Angelica Downey Receives ARDRAW Research Grant
by Teresa Crane | Friday, Aug 27, 2021
Florida Atlantic University doctoral student Angelica Downey was awarded $10,000 for her proposal to conduct research on an employment intervention for college students with intellectual and developmental disabilities (IDD). The Social Security Administration’s Analyzing Relationships between Disability, Rehabilitation and Work (ARDRAW) selected Downey as a graduate-level recipient of this one-year stipend to conduct research designed to ferret out innovative and fresh perspectives on disability, specifically rehabilitation, work.
“ARDRAW has been administering these grant opportunities for SSA, opening doors for serious graduate students to conduct research. Angelica’s selection for this grant shows the value of her employability research with people who have IDD – it shows just how talented she is,” said Mike Brady, Ph.D., chair and professor, FAU Department of Exceptional Student Education. “Her work is cutting edge and shines a light on the important work done at FAU’s Academy for Community Inclusion! We hope she is just the first of many doctoral students at FAU to gain support for their research.”
Studies suggest that on-topic conversational skills, and the instruction of these skills are a critical part of employment training programs designed for adults with Intellectual Disability (ID). Downey proposes to employ remote audio coaching (RAC) to help college students with ID overcome social skill deficits that put job promotion and retention at risk, specifically on-topic workplace and employment related communication.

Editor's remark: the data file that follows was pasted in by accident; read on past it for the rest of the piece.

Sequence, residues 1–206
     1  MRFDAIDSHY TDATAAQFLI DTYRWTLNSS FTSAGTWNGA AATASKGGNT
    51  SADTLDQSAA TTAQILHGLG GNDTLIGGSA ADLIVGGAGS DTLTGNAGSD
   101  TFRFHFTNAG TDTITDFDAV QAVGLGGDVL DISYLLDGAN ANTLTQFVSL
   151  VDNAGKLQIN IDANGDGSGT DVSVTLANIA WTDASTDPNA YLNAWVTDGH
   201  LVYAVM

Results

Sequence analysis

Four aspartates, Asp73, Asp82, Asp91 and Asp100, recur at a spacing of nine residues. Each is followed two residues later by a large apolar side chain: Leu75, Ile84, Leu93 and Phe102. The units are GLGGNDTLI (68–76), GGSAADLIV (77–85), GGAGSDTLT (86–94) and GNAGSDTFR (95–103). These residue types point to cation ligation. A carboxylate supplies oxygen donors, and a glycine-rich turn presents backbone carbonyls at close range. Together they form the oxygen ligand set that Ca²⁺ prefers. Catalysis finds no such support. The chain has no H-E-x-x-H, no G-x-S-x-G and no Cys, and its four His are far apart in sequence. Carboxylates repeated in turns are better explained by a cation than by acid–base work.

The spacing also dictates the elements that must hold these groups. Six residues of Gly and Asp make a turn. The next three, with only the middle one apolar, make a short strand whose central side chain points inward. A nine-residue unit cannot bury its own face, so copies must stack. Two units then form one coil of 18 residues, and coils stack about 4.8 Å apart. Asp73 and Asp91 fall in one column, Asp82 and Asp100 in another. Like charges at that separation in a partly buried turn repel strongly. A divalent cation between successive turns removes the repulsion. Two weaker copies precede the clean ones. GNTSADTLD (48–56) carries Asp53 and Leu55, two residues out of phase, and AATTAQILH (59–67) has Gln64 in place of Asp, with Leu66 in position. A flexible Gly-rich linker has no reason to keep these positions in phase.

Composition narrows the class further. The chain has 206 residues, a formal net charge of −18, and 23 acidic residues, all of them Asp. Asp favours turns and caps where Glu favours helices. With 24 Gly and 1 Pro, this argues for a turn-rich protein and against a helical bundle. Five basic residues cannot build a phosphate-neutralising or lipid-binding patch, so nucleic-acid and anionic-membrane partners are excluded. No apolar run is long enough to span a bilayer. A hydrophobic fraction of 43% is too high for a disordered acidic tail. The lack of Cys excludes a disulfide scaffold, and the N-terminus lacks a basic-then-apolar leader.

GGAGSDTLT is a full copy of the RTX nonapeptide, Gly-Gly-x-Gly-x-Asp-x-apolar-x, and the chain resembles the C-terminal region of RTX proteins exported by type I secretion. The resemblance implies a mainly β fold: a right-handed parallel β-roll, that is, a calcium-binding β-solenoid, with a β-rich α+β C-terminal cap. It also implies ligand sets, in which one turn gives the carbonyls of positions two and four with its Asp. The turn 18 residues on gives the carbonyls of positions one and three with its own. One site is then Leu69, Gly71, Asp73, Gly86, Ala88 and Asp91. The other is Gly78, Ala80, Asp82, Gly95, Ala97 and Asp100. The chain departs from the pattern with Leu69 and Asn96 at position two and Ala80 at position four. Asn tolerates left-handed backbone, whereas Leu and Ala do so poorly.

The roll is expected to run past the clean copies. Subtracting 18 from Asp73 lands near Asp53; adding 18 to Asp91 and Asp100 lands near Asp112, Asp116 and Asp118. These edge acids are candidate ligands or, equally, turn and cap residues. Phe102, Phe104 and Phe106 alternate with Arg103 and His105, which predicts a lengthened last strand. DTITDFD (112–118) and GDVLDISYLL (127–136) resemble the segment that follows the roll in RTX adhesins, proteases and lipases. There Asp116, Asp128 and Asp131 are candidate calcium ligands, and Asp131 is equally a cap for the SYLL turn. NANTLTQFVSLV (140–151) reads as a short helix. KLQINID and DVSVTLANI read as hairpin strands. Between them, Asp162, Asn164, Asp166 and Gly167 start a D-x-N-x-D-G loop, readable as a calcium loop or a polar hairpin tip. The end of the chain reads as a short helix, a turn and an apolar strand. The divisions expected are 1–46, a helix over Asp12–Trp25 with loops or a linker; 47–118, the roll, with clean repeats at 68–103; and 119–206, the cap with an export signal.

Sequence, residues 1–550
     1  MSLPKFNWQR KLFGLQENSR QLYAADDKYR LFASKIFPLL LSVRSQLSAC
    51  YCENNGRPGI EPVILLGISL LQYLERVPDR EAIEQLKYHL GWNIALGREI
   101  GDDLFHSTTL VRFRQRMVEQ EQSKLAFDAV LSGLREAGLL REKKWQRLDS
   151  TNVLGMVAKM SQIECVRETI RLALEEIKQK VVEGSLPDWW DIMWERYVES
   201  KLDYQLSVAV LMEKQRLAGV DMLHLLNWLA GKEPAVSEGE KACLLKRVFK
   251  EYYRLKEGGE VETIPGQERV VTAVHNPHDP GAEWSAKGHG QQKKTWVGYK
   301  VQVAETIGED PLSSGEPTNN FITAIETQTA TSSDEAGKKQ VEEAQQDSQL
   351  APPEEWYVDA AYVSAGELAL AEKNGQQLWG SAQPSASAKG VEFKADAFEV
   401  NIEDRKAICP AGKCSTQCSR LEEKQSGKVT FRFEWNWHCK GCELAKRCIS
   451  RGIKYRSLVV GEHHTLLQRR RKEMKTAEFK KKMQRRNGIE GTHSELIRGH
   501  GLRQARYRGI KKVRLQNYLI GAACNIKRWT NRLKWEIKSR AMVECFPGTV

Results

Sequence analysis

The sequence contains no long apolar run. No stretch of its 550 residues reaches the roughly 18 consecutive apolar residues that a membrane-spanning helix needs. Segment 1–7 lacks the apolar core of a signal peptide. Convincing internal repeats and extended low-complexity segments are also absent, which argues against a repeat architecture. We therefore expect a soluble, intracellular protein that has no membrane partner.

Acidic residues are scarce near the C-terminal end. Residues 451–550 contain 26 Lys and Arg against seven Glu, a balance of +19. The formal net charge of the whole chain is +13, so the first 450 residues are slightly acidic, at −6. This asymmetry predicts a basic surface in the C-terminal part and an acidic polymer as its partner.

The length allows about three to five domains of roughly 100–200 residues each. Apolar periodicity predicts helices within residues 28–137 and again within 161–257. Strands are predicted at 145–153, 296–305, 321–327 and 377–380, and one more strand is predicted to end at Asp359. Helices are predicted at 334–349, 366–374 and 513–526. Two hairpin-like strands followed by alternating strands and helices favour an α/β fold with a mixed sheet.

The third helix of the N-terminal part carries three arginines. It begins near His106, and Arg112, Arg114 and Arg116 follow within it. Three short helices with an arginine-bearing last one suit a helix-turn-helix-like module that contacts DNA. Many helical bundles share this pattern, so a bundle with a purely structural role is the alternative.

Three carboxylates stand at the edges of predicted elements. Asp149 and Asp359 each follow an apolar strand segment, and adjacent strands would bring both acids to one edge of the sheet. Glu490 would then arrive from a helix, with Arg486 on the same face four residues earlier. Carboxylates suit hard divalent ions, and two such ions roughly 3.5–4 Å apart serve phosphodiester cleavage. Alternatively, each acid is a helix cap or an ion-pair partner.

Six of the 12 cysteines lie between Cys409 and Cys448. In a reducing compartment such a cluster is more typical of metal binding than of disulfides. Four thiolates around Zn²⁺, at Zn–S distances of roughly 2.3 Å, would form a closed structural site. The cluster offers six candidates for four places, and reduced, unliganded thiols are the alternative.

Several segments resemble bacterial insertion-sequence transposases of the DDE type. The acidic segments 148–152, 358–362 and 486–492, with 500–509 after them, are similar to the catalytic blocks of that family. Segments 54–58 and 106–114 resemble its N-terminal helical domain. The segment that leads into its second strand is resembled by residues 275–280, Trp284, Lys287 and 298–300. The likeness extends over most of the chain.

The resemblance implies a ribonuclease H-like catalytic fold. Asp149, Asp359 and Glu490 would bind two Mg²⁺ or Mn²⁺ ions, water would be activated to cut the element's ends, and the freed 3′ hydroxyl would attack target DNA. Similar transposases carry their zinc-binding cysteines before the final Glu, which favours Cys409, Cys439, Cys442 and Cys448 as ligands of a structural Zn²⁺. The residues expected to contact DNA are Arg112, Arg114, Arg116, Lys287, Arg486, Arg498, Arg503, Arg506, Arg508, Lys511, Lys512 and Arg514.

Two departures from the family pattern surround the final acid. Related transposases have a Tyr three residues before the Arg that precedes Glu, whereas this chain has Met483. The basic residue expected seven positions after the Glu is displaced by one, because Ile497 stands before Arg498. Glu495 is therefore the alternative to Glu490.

The RAC intervention follows a study Downey published earlier this year that demonstrated using literacy-based interventions via e-books proved an effective teaching tool, Teaching Virtual Job Interview Skills to College Students with IDD Using Literacy-Based Interventions. This earlier study suggests that remote instruction is successful with this population. Her current research aims to measure the effectiveness of remote audio coaching when delivering on-topic workplace communication skills to adults with ID and retention of those skills after RAC removal.
A quantitative single-subject design methodology will measure behavior through direct observation across numerous RAC sessions. Four college students diagnosed with ID and little to no work experience will participate in intervention sessions via Zoom until four consecutive sessions show un-prompted employment conversation exchange at 90% or higher. Data collection will resume one to two weeks after the last intervention session to determine if students maintained the skill.
The study will culminate in a paper submission to ARDRAW and a webinar presentation of the processes and results. If RAC increases on-topic work communication, then Downey will undertake a second study to determine if RAC will increase on-topic workplace conversations in real world community employment settings with novel professionals. Downey plans to present the proposal for a second study with generalized outcomes to her dissertation committee.
“I am hoping that with the use of RAC, we can help adults with ID eliminate the issues that arise through conversations at work and ultimately maintain their employment positions,” said Downey.Downey serves as Curriculum and Training Specialist for FAU Academy for Community Inclusion (ACI), a college program designed to increase overall independence in employment, self-determination, and community experiences for individuals with intellectual and developmental disabilities. She is currently pursuing a Ph.D. in Exceptional Student Education at FAU College of Education.